The federal government says it's open to further decriminalization of small-scale possession of hard drugs in jurisdictions across the country, while the Conservatives say they support what they call a health-based approach to drug addiction.
Minister of Mental Health and Addictions Carolyn Bennett said Wednesday that while it's the government's goal to expand decriminalization, it must be done in concert with local governments and reflect reality in each part of the country.
Bennett made the remarks a day after announcing that, beginning next year, Canadians in B.C. aged 18 and older will be able to possess small amounts of hard drugs under a special legal exemption.
"The four drugs that are in the plan in B.C. may not be the four drugs that another part of Canada would want in their application, so there are different local realities," Bennett said.
WATCH | Will the government consider decriminalizing small-scale drug possession nationally?
This first-of-its-kind exemption will allow people in B.C. to possess up to a combined 2.5 grams of opioids, cocaine, methamphetamine or MDMA. It goes into effect on Jan. 31, 2023, and lasts until Jan. 31, 2026, unless it is revoked or replaced before then.
The exemption means there will be no arrests, charges or seizures for personal possession at or below the 2.5 gram threshold.
Vancouver and Toronto Public Health have separately filed similar exemption requests.
NDP Leader Jagmeet Singh said Tuesday that rolling out decriminalization in B.C. alone leaves most Canadians with addictions facing criminal prosecution, instead of the health-based approach to drug addiction offered in B.C.
"It's shameful, frankly, to not take a national approach to a national crisis," Singh said. "The prime minister has to show leadership here. We can save lives today."
Singh called on Prime Minister Justin Trudeau to support NDP MP Gord Johns' private member's bill, which would expand decriminalization across the country. That bill went down to defeat on Wednesday.
We must work with provinces: Trudeau
When Singh put his question about Johns' bill to Trudeau during question period in the House of Commons on Tuesday, the prime minister said he supports the spirit of the legislation but not its approach.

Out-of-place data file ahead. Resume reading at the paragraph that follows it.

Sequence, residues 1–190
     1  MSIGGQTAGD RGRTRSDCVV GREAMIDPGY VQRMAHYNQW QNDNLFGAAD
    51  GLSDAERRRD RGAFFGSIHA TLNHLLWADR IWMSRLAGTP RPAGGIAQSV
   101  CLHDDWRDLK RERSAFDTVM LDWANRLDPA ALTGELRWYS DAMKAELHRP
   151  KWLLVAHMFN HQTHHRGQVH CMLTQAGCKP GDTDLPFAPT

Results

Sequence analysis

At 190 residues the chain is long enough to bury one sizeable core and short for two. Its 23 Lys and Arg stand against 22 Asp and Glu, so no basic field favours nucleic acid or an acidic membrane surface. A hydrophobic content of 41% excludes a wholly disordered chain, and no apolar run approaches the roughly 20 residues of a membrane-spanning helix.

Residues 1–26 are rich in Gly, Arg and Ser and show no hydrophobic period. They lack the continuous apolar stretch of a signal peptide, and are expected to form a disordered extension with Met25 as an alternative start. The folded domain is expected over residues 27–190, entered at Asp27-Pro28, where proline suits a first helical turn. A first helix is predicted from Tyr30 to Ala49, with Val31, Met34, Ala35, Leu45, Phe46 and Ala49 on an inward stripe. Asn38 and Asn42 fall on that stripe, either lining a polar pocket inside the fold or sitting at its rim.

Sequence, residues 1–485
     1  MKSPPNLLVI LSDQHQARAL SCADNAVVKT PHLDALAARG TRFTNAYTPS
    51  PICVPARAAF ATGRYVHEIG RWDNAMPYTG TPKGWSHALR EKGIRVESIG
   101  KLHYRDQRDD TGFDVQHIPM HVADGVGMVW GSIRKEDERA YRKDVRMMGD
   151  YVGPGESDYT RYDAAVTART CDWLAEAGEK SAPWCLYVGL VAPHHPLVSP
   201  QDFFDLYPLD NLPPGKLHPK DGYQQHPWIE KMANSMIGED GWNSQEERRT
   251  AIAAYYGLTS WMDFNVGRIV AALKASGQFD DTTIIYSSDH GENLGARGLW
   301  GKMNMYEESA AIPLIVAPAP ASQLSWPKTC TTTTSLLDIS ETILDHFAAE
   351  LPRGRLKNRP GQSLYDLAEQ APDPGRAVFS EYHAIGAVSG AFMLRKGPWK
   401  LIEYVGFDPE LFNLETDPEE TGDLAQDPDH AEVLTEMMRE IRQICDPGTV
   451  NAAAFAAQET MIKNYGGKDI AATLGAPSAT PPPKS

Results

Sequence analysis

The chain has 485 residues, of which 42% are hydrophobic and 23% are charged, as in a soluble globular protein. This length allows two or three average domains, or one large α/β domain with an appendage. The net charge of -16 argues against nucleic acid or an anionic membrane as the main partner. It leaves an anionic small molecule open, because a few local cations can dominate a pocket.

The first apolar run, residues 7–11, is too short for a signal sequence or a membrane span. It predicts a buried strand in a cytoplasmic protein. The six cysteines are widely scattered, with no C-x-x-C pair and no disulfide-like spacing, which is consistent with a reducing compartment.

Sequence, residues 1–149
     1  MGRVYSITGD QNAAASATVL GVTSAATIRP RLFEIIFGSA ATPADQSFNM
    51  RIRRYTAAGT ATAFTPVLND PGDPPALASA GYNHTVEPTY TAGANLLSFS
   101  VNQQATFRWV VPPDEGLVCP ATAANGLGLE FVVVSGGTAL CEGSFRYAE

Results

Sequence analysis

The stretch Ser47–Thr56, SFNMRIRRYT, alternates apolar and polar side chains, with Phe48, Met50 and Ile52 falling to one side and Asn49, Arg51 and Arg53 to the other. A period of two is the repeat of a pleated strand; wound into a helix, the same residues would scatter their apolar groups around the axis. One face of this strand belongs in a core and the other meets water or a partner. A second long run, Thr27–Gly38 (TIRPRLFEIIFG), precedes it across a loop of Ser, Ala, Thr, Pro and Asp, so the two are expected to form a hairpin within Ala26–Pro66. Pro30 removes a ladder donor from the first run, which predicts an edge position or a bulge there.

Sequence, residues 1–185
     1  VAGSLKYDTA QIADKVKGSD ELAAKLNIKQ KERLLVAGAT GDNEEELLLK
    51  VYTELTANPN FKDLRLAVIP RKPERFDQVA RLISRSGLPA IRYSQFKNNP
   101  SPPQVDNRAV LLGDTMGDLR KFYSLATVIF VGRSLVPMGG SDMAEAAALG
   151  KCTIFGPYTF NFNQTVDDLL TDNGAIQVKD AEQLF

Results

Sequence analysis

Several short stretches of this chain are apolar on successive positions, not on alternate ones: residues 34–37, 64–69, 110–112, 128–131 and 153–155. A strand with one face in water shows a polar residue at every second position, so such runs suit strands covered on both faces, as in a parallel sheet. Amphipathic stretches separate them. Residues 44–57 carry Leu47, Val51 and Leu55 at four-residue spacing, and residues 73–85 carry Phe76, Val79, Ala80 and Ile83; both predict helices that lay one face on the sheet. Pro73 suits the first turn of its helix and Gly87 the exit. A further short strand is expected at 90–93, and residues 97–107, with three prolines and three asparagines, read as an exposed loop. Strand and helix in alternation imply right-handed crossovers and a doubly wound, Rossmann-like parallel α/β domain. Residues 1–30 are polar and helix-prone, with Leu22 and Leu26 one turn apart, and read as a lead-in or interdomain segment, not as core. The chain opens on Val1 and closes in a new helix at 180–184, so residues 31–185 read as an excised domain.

"Taking a health-care approach across the country, which is exactly the approach one needs to take, one needs to work with the people who actually direct the health care in every different province," Trudeau said.
"That means working with provinces. That means working with municipalities. That means working with front-line workers and that's exactly what we've done in moving forward with B.C., responsibly, to make sure there's a framework around it."
Earlier in the day, Singh said that Johns' bill would introduce a national strategy to ensure a safe supply of drugs and would allow for the expungement of criminal records associated with addictions that create stigma and make it hard for drug users to reclaim their lives.
The HIV Legal Network said it also welcomed the changes in B.C., but felt the federal government should have done more.
"It is disappointing that decriminalization under the model announced on May 31 will not protect all people who use drugs from the harms of criminalization," the group said in a statement.
"We support progress, but we dream bigger. We want full decriminalization for all."
In B.C., we have de facto decriminalization: Tory MP
While he didn't endorse the decriminalization program in B.C., Conservative MP Michael Barrett, the party's health critic, said the government's focus should be on replacing criminal sanctions for users with a health-based approach, while still targeting traffickers.
"Canadians struggling with addiction deserve compassion, with access to treatment and a path to recovery, and we believe the federal government should be prioritizing that care by expanding treatment and recovery programs so they can get help," Barrett said. "Our country's drug laws must target individuals trafficking and selling illegal drugs."
Conservative MP Brad Vis, who represents the B.C. riding of Mission–Matsqui–Fraser Canyon, said while he supports a health-care approach, the move to decriminalize small-scale possession in B.C. is little more than a symbolic act.
"Already in British Columbia we have de facto decriminalization," he said. "So what in addition is decriminalization doing, other than being symbolic when it's already the de facto process of our law enforcement and the Crown counsel, which lays charges in British Columbia?"
Vis said he supports moving away from criminalization toward a health-based approach to addiction, but only if that change comes with the "requisite treatment and policy to get people the mental health and the physical health that they need."
Bennett said B.C.'s exemption bid was successful because the proposal discussed how the provinces would ramp up social services to manage people with addictions diverted from the criminal justice system.